Was America Discovered Before Columbus?

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The last issue of AMERICAN HERITAGE reported the publication in Europe of an ancient map giving evidence that the Western Hemisphere was discovered by Portuguese explorers before Columbus. This map, whose history and meaning are discussed in the following article, is here reproduced in color for the first time in the United States.

 

Every American schoolboy knows that Christopher Columbus discovered America in 1492. But did he? Save for the Norsemen who in 1,000 A.D. came and left, leaving neither imprint nor impress to alter world history, did anyone reach America before Columbus, and, if so, when, and what is the proof?

Almost twenty years ago, Professor Samuel Eliot Morison pointed out to his fellow North Americans that Portuguese and Brazilian historians had been asserting for half a century that what American schoolboys believe is not so. Leading schools and universities in those countries taught, and still teach, that Columbus was a come-lately who capitalized on the unpublicized achievement of an earlier discoverer, and educated Portuguese and Brazilians accept it as fact.

 

Not without a little national pride, the pre-Columbians believe that the true discoverer of the New World was a Portuguese navigator. Who he was or when he made the first dramatic landfall they cannot say. From time to time, they thought they had their man (Pedro de Velasco in 1452, João Vaz Corte-Real in 1472), but each time they abandoned the claim under sharp questioning by Columbus’ defenders. Through the years, however, by persistent reasoning, deductions and diligent research, their basic theory has managed to make subtle progress toward acceptance—enough so that, today, most historians, including some of the stoutest champions of Columbus, have come to admit that Portuguese navigators before 1492 did suspect or even know of lands lying west of the Azores, and that Portuguese navigators were sailing out through the misty reaches of the great Ocean Sea looking for those lands, and might—just might—have found something. There agreement ends, and the burden has been left with the Portuguese to unfold more about their mysterious navigators and what they did.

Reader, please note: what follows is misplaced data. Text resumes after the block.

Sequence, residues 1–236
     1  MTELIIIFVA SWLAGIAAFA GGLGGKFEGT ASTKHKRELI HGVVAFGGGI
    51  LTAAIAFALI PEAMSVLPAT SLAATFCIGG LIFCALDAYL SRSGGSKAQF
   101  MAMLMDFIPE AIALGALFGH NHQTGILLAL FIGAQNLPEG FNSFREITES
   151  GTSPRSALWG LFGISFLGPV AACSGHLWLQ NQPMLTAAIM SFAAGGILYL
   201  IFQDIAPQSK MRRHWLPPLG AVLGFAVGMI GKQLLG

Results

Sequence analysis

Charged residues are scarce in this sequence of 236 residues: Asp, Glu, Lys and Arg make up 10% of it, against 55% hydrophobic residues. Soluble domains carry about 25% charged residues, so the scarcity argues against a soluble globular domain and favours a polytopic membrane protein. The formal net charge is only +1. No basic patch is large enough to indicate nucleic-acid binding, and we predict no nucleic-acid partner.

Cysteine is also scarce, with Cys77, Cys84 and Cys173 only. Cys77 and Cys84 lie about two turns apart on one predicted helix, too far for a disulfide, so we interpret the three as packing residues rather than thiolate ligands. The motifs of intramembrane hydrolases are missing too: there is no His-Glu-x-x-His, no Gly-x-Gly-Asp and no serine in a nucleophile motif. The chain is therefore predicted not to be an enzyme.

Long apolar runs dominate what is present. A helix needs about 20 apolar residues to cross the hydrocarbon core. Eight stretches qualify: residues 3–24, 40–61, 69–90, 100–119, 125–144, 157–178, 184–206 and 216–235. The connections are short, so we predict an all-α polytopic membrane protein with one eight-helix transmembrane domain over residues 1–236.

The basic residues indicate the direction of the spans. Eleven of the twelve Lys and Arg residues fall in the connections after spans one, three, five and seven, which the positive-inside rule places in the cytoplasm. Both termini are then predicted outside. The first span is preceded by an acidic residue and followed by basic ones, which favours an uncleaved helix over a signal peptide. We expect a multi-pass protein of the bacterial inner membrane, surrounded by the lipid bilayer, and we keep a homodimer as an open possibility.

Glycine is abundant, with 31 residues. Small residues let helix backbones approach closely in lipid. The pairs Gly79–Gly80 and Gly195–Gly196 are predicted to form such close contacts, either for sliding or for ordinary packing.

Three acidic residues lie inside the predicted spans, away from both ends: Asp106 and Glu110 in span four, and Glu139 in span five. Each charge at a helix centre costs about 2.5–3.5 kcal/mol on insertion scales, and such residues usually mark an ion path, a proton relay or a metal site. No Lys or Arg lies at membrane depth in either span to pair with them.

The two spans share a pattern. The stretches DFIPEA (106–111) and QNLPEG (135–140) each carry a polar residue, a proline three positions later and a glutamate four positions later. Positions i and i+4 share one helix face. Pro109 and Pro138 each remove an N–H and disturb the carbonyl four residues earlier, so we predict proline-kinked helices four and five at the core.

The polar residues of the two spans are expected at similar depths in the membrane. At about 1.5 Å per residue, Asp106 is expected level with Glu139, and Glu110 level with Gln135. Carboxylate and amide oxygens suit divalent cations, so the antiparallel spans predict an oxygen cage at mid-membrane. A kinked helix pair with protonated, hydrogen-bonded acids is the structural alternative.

Recently, there came to light in England an aged nautical chart of 1424, showing what an outstanding Portuguese cartographical expert, Armando Cortesão, asserts is a representation of the New World made almost seventy years before Columbus’ first voyage, and possibly proving therefore that someone, perhaps unknown Portuguese navigators, had reached America by that time.

The history of this document is almost as intriguing as what appears on it. It came from the collection of Sir Thomas Phillipps who, during the first three-quarters of the Nineteenth Century, amassed the biggest library of old vellum manuscripts the world has ever known. When Sir Thomas died in 1872, his great, bulging collection of some 60,000 parchment manuscripts and maps, many of them still uncatalogued, represented a fabulous storehouse of unsuspected historical treasures. Odd lots were sold oil at different periods, and in 1946 the still-considerable remainder was bought by William H. Robinson, Ltd., a distinguished London firm dealing in rare books and manuscripts, in reputedly the largest single purchase ever made by a dealer.

It was impossible for the purchaser to know what was in the prize without dipping into it, piece by piece. Alter eight years, it is still not all unpacked, and it will be years more before it ceases to disclose valuable surprises. The well-preserved sea (hart of 1424 was one of the first items revealed. It was numbered 25,924 in the Phillipps Collection, but cataloguing of the library had stopped on Sir Thomas’ death with Number 23,-837, and there was no clue concerning the background of the map, where Sir Thomas found it or anything else about it.

The document was tested at once for authenticity and found to be entirely genuine; there was no doubt that the date and writing were of the early Fifteenth Century. Upon the recommendation of scholars at the British Museum, Professor Cortesão, a Portuguese representative at UNESCO and one of the world’s acknowledged authorities on Fifteenth and Sixteenth Century maps and charts, was then invited to make a study of it. He was delighted with the opportunity, especially after noting quickly no less than 23 Atlantic islands on the map, including a conspicuous red rectangle with the legend, “ista ixola dixeno antilia,” a combination of old Portuguese and Venetian, meaning “This island is called Antilia,” an isle or representation of mainland which has played a key role in the Portuguese theory of pre-Columbian discovery.

Professor Cortesão’s study took five years to complete, the results being recently published in English by the University of Coimbra in Portugal. A foreword, to the 123-page book by Professor Maximino Correia, Rector Magnificus of the University, refers to the work, not unexpectedly, as part of “this really national task” of securing proper recognition for the early Portuguese navigators.

Professor Cortesão’s theme is built slowly and carefully. He is unable definitely to identify the cartographer of the map. The original name was erased, another one written in, that one also erased, and a third one, “Zuane Pizzi,” finally inserted. By a series of tests, he concludes tentatively that the author was named Zuane Pizzigano, a previously unknown member of a family of Venetian cartographers who were well-known a century earlier.